Viveca Smith Publishing
From renowned author, Aminjon Shookuhi, comes the story of two boys who live in the small village of Laklakon. It is July, the hottest month of the year in Tajikistan, the country in which their village lies, and Asad and his friend Samad are waiting for the water to fill the canal outside their homes like it does everyday. Just yesterday, the water flowed freely, clear and cool, inviting them to splash and play under the afternoon sun with Asad’s dog, Kalta. But they can’t understand why the canal is now dry, and all they know is that they’re getting very hot and impatient. Not wanting to wait for the water, the boys decide to follow the culvert to its end and release it themselves. But this task is not as easy as they might think and their quest to find the source of the water leads them to explore many neighboring villages, fields and orchards. As they make their way from place to place, they meet a variety of people who guide them on their journey and in this process, the boys learn a great many lessons, such as what kinds of fruits and vegetables grow in their region, how to distract a bull who is about to charge, and why they should never try to scale a walnut tree in the hopes of seeing a nest of baby birds.
Replete with charming and colorful illustrations as well as Tajiki folk songs and poems, this wonderful book is the first part of a trilogy and is set in the author’s home village. It not only looks at children’s inherent curiosity and the desire to explore their world but through this fascinating and delightful narrative, the story teaches children about the environment and its delicate balance.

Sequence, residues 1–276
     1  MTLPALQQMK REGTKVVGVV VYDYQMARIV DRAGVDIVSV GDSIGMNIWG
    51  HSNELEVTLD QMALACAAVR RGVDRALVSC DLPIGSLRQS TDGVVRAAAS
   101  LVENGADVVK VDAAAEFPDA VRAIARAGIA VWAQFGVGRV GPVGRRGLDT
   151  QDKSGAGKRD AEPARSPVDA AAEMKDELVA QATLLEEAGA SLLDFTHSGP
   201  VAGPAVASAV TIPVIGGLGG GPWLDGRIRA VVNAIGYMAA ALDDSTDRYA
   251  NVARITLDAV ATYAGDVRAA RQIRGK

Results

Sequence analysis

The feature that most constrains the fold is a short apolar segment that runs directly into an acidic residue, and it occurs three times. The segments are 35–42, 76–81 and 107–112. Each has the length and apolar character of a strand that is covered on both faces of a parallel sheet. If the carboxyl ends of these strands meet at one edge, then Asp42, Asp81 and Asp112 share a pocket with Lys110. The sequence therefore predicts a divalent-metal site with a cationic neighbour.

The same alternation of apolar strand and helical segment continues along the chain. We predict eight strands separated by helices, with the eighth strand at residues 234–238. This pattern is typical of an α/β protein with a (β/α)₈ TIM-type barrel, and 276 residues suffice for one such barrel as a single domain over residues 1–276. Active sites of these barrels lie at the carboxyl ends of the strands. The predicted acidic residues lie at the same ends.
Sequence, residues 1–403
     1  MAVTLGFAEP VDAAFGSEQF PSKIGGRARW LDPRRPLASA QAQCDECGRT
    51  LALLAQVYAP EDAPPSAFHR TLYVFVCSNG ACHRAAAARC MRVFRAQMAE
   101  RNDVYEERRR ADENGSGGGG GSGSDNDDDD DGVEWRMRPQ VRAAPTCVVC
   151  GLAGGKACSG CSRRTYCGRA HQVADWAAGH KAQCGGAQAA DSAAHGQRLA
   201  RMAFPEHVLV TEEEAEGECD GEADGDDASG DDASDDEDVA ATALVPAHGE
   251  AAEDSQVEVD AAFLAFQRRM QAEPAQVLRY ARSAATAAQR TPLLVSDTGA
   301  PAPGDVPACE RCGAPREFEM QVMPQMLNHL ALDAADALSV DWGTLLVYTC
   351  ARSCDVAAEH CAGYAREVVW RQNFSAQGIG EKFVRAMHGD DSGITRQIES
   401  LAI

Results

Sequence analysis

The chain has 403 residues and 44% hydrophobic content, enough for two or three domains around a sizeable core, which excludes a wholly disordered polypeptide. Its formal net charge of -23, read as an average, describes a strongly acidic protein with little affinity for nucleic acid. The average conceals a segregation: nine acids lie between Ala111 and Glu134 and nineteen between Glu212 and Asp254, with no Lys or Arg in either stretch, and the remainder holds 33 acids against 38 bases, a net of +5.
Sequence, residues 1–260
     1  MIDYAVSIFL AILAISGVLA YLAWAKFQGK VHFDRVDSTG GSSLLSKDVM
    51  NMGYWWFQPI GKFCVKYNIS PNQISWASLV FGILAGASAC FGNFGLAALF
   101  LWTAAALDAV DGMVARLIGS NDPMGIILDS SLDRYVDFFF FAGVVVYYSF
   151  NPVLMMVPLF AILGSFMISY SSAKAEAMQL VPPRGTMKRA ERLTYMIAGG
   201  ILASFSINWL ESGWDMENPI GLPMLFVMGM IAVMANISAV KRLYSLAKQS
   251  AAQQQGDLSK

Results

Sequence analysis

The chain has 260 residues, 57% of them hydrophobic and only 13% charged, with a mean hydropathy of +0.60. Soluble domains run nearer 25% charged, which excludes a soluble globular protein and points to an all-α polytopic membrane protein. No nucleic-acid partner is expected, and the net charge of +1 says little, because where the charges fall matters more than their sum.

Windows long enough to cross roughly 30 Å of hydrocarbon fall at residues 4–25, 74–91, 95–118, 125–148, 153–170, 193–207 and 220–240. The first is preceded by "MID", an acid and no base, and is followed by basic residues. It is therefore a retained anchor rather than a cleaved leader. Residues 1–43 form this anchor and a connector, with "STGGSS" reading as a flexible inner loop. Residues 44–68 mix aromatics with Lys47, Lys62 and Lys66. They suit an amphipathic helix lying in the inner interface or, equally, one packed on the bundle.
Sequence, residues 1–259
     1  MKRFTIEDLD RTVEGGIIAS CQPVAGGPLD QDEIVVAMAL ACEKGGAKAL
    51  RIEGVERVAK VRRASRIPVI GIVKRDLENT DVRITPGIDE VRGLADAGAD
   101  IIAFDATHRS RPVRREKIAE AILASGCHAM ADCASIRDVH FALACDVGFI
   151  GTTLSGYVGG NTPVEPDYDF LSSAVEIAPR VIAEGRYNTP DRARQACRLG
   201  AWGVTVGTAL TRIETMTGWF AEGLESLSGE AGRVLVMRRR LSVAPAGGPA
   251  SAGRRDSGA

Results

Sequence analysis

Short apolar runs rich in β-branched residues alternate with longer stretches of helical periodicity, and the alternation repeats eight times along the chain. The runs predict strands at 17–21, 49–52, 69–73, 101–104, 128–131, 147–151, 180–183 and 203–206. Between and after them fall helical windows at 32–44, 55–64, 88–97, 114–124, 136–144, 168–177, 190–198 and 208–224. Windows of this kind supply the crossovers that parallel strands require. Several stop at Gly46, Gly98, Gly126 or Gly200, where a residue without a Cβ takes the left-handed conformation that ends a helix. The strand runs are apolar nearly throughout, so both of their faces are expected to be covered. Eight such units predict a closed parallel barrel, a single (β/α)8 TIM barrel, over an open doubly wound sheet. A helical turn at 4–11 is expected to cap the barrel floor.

ABOUT THE AUTHOR
Aminjon Khodjibaev, better known by his pen name Aminjon Shookuhi, was one of Tajikistan’s most prominent writers. Making his debut in the early 1940’s he was best known as a poet, but also found fame as a novelist and dramatist. His vast works include several collections of children’s poems as well as a trilogy of children’s books known by the title of its first book Where Does The Water Come From? He was named “National Writer of Tajikistan” after his death, and a statue of him stands in the schoolyard where he studied as a boy.
ABOUT THE TRANSLATORS
Karim Khodjibaev, the author's son, is a professional linguist who works in the field of adult education and language research. Some of his early publications are related to the socio-political dynamics of Central Asia. Khodjibaev holds an M.A. in Linguistics and is a certified translator and interpreter in several languages.
Moukhabbat Khodjibaeva is the daughter-in-law of the author. She holds an M.A. in Cinema Arts and an M.S. in Information Technology.Moukhabbat works in the field of Eurasian studies and has written several articles dedicated to the history of women's life in that area.
ABOUT THE ILLUSTRATOR
Jan Seabaugh is a teacher, poet, writer, and illustrator. She received her Ph.D. in Humanities from the University of Texas at Dallas and currently lives in South Bend, Indiana with her husband, Alan.
Where Does the Water Come From?
Translated by Karim Khodjibaev and Moukhabbat Khodjibaev
Illustrated by Jan Seabaugh